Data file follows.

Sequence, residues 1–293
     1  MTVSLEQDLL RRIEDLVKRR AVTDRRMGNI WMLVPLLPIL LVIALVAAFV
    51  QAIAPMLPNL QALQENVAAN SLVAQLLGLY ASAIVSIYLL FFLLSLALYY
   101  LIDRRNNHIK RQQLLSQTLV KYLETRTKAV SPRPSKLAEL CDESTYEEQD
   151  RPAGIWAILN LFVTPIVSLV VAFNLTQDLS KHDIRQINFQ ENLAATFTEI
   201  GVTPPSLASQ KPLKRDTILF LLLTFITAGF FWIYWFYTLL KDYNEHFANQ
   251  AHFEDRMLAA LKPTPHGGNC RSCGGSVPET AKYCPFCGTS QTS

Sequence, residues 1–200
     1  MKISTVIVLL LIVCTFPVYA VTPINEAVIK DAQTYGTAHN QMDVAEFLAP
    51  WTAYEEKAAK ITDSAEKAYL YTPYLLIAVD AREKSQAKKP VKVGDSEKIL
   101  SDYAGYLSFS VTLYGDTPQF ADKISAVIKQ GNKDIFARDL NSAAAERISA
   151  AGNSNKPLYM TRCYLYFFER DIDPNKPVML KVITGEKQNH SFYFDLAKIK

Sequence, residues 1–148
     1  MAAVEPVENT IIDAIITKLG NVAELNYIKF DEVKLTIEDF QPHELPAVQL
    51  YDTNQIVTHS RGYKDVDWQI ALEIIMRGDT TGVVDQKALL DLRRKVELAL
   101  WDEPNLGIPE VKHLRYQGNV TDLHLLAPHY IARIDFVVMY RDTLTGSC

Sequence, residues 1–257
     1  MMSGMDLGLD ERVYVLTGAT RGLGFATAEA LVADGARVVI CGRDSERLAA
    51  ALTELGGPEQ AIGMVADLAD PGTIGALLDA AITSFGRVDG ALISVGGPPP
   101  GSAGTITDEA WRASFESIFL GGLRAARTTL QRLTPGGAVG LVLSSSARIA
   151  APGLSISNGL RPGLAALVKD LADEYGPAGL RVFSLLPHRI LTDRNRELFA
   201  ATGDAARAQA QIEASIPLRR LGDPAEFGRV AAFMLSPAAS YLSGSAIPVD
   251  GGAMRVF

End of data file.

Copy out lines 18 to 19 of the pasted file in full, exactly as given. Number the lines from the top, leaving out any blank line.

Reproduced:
     1  MMSGMDLGLD ERVYVLTGAT RGLGFATAEA LVADGARVVI CGRDSERLAA
    51  ALTELGGPEQ AIGMVADLAD PGTIGALLDA AITSFGRVDG ALISVGGPPP